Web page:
And finally: A Capitol Hill aide politely declined to make his boss available for an interview for the “Better Know a District” segment on the Colbert Report. Roll Call reports, “The Colbert producer made a valiant effort to persuade [the aide] to change his mind. ‘We’re gonna get all 355 of you,’ the producer countered. ‘Um,’ the aide said. ‘I think you’re going to be about 80 short.'”
Just before leaving for its August recess, the House approved a little-noticed amendment to its energy bill “that would allow members of Congress to lease only environmentally friendly cars.” The House energy bill would require all federal agencies to buy only low greenhouse-gas emitting vehicles for their fleets.
MARYLAND: Maryland, “the wealthiest state in the union,” prepares to take an unprecedented step to ensure that its workers earn a “living wage.”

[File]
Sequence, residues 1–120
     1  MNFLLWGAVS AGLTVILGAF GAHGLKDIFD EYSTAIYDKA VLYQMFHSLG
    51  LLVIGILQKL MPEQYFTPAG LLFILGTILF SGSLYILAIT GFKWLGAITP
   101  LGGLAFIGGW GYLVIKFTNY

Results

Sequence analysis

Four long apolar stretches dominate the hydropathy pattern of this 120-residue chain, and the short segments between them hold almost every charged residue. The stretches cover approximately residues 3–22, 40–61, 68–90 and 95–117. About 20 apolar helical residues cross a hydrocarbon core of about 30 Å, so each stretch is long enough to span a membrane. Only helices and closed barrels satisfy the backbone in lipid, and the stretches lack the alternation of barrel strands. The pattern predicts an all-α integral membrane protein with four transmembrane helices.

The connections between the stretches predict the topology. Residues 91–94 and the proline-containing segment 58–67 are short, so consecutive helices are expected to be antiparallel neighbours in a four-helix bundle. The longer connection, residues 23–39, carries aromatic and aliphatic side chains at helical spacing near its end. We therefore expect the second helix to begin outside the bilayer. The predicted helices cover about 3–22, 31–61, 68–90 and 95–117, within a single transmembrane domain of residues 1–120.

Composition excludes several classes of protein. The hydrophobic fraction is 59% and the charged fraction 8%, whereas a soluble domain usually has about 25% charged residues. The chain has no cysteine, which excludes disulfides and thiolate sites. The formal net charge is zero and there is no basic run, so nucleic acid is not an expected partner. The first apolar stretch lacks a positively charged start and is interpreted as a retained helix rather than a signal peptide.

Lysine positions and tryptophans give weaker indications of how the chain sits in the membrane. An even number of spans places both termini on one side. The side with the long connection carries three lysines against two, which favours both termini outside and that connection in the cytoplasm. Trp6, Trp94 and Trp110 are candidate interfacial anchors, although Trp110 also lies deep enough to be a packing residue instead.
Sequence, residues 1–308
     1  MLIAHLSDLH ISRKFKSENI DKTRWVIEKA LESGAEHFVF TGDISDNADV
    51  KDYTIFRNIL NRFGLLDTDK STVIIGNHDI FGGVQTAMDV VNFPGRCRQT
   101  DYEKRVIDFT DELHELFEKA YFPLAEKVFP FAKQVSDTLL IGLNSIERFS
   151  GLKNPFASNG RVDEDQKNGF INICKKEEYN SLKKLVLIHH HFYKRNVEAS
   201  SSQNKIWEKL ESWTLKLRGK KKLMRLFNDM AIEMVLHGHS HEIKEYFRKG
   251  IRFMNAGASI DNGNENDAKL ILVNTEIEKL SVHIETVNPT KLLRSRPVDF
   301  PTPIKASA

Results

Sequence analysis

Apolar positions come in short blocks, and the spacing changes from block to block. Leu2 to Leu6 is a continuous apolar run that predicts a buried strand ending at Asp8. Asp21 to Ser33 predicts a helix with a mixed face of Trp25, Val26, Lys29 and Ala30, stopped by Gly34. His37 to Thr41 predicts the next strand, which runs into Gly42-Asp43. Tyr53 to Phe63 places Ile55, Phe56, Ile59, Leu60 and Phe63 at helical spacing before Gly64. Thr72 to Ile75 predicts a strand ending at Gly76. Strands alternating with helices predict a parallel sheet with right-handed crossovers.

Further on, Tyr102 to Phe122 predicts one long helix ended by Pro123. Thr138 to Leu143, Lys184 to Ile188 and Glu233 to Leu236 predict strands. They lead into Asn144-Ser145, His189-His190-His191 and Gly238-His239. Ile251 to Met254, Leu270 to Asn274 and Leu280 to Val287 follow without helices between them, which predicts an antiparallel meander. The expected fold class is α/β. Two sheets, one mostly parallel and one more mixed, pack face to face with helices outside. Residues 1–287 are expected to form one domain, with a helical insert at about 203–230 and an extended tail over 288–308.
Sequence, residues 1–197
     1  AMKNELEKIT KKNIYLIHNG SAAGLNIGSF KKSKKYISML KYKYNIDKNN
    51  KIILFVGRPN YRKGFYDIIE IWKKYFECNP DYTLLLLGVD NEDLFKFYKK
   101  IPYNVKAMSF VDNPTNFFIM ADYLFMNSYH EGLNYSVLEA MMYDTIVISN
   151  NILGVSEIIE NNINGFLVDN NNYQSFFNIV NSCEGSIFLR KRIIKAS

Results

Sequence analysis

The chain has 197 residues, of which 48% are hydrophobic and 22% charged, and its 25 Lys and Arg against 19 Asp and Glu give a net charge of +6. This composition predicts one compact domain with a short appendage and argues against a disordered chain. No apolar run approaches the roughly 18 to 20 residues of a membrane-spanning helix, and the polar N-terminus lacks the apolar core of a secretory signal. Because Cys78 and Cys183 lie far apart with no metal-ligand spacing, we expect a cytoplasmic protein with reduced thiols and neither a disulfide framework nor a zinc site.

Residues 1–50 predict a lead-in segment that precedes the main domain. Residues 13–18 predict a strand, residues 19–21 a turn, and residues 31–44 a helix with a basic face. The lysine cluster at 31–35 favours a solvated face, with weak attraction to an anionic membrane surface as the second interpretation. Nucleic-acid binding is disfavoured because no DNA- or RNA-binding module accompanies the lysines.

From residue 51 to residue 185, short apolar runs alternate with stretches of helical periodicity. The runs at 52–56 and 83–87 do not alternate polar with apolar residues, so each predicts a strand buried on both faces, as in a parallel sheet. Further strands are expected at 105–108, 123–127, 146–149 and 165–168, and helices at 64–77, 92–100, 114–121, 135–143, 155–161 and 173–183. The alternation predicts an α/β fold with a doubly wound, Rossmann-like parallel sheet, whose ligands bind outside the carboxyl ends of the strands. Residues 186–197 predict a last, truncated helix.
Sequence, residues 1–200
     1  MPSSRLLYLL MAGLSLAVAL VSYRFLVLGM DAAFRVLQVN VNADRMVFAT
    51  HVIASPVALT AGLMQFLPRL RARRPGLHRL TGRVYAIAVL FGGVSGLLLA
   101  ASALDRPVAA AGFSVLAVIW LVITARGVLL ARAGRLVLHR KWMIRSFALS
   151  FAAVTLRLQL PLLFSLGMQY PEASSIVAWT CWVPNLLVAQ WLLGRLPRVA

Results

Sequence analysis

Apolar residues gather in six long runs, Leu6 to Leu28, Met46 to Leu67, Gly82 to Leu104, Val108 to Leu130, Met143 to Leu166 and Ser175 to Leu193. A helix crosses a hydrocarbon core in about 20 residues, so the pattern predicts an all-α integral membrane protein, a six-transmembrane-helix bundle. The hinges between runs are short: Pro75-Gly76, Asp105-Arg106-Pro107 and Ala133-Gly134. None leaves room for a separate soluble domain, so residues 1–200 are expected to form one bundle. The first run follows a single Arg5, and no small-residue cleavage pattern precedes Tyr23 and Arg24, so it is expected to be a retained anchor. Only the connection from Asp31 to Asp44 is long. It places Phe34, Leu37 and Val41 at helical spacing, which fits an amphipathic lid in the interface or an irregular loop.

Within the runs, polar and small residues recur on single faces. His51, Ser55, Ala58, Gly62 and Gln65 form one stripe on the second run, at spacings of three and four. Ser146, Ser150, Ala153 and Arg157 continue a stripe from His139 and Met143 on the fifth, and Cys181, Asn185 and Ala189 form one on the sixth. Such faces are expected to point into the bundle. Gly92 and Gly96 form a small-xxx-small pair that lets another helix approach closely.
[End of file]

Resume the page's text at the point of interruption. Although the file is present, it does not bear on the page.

MISSOURI: “[M]ore than 100,000 Missourians were added to the ranks of the uninsured between 2005 and 2006,” triple the national rate.
ECONOMY: “After five years of nearly stagnant growth, state employees finally saw a substantial uptick in their earnings in the past year.”
THINK PROGRESS: CNN’s Wolf Blitzer dismantles Rep. Charles Boustany’s (R-LA) assertions of progress in Iraq.
THE HORSE’S MOUTH: The White House’s misleading PR campaign to show progress in Iraq has been enabled by the media.
CROOKS AND LIARS: Former Cheney aide Mary Matalin throws her pen on NBC’s Meet The Press after having her Iraq spin challenged.
AFL-CIO WEBLOG: A new report shows that one-third of the world’s workers are jobless and poor.
“Do you realize that the United States is the only major industrialized nation that cut greenhouse gases last year?”
— President Bush, 8/27/07
“Kristen A. Hellmer, the spokeswoman for the White House Council on Environmental Quality, acknowledged afterward that the White House was unable to substantiate the claim.”
— Washington Post, 9/3/07